Any advice would be greatly appreciated. I know I am young and can at this stage afford the knock. But holy fuck id like to minimize it.

Chris has a question about dividends tax on offshore investments within his TFSA.

I managed to pay off my debts recently and now have an investment portfolio which still small but starting to grow. My current strategy centres on maxing out all saving incentives which SARS gives and thereby minimising the tax payable on my salary and investment returns.

I’m currently able to put 27.5% of my salary into my company pension scheme and max out my tax free savings allowance every year. Any further savings is put into a global equity etf investment.

I would like to increase the portion of my portfolio in global equity, however from a tax perspective, I believe it’s most efficient to buy a top40 or local property tracker in your TFSA since you get the double bonus of no capital gain, and no dividends tax, whereas a global etf will still incur dividends tax abroad (I.e. in whatever country the underlying companies are registered in).

Is this thinking correct, or shouldn’t I be worried about foreign dividends tax in a tax free account?

Note: my underlying assumption is that the top40 will return roughly the same as a global equity tracker in the very long term (20+ years).

Jaco wants to know what we think about cows as an investment strategy.

You can invest into a pregnant cow, a calf or a portion of a cow (I think this is called steak). You earn income from the sale of the calf and help cover its feeding, medical and insurance costs. You can pick on which farm do you want to raise your cow and it looks like you can even go and visit!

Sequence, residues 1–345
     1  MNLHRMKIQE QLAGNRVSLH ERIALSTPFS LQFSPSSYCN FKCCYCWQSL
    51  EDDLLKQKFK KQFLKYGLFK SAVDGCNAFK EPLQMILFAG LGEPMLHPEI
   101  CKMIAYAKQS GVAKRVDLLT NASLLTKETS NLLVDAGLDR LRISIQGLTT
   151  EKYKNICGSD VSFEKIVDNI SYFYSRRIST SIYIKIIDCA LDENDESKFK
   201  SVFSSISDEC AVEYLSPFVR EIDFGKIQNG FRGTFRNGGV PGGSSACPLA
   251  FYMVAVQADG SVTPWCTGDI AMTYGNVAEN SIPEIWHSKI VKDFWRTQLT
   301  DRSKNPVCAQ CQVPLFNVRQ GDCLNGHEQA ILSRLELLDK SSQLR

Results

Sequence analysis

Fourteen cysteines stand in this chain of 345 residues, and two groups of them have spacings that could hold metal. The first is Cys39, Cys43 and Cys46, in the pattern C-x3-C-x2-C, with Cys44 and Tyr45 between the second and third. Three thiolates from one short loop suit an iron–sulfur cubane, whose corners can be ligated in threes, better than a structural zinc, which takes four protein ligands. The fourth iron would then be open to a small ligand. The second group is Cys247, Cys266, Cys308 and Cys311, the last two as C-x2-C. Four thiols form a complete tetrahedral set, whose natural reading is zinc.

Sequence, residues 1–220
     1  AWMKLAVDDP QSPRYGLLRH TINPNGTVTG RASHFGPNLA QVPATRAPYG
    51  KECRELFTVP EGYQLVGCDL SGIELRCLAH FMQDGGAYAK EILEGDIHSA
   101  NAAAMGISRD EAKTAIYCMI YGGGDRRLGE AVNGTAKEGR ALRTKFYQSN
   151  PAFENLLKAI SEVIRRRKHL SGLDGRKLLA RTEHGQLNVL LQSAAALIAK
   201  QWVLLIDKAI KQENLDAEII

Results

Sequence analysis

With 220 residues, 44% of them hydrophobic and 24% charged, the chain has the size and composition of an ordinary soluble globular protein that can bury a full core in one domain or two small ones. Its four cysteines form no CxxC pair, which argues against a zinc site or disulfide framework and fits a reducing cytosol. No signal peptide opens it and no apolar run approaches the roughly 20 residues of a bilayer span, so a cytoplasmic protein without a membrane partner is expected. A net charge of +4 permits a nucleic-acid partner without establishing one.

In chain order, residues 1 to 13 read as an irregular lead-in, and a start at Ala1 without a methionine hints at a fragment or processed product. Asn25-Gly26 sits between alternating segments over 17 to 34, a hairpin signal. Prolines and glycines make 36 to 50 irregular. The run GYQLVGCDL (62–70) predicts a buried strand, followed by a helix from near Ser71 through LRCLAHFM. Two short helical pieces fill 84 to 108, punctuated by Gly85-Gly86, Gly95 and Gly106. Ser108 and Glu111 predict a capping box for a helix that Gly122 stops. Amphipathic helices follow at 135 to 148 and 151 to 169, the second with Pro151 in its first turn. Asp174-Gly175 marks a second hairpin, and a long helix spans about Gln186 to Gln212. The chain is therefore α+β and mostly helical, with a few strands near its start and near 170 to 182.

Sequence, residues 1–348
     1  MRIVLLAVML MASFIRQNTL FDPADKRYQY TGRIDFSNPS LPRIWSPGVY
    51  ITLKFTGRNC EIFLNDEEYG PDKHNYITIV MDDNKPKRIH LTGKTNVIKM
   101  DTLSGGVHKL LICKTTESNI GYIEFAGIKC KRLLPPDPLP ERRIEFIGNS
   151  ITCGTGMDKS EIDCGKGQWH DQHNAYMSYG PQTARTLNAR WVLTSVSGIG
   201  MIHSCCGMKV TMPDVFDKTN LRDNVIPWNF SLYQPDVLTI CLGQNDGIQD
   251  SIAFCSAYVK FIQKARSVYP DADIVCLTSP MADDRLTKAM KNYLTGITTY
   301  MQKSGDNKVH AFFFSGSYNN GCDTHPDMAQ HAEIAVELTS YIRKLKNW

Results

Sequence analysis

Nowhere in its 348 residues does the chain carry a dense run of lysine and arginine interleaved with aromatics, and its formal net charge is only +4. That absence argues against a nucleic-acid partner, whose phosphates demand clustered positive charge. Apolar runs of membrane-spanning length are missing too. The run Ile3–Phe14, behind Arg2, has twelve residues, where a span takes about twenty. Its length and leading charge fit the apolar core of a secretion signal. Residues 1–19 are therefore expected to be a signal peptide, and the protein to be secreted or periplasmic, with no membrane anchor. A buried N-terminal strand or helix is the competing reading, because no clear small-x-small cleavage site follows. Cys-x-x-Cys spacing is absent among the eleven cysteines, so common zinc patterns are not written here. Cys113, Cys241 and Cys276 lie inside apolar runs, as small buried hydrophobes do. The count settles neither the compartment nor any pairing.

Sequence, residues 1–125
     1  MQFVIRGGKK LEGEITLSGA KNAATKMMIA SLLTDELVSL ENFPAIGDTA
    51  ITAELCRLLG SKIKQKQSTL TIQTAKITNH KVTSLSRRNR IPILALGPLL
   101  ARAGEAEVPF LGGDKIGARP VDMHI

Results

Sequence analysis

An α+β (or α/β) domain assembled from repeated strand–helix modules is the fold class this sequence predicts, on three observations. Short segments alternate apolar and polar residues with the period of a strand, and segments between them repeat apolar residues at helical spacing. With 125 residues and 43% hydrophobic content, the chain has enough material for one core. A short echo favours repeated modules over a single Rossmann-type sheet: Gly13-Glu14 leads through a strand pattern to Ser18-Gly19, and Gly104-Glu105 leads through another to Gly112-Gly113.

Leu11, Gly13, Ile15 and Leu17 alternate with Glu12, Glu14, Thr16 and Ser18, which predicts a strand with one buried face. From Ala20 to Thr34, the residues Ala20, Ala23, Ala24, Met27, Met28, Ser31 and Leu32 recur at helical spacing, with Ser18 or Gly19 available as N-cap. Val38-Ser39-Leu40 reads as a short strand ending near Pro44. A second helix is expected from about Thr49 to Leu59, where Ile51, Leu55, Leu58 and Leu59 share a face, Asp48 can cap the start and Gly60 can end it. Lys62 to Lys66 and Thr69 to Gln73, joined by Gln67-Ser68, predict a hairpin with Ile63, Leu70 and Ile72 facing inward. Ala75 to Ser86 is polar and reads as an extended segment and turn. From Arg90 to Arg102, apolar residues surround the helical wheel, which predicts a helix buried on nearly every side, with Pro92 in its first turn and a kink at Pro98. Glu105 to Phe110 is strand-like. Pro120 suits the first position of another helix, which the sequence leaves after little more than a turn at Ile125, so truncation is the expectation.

I’m curious if anyone who listens to the podcasts is dabbling in this? It certainly makes much more sense than “investing” in bitcoin…

This is from the Take Charge of Your Money blog:

Invest in a calf (or in a portion of a calf if you cannot afford the full cost)
Help it grow by paying an all inclusive fee for feed, insurance & veterinary expenses
Share in the rewards. On maturity Livestock Wealth buys back the grown cow and you will receive an annual payout based on the collective sales on the farm.
The current projected ROI (return on investment) is 12.4% and is fully explained in the FAQ page.

You need to pay fees twice a year and receive a payout once a year.


Christoff made an excellent point about Margaret’s question last week. She was worried about counterparty risk and the potential pitfalls and benefits of diversifying by supplier.

As you and Simon stated, the probability of a big, well-known RA company to go bust is very small, plus your holdings there will just be moved to someone else to continue administering your investments.

The one thing not mentioned was the sliding scale for fees by a lot of these RA providers. If you have all your investments at one specific company, you can end up with much lower fees (for example first million is at 1% annual cost, the next million is at 0.85%, etc)

Rakgomo wants to know how to invest in ETFs.

I want to invest in ETFs but I don’t know where to get them, or even trade them. may I get some guidance in getting access to ETFs and where I can trade them?

The Fat Wallet Show with Kristia van HeerdenThe Fat Wallet Show is a no-nonsense personal finance and investment podcast hosted by Kristia van Heerden and Simon Brown. Every week we answer questions by a growing audience of finance enthusiasts. Submit your pressing money and investment questions to ask@justonelap.com.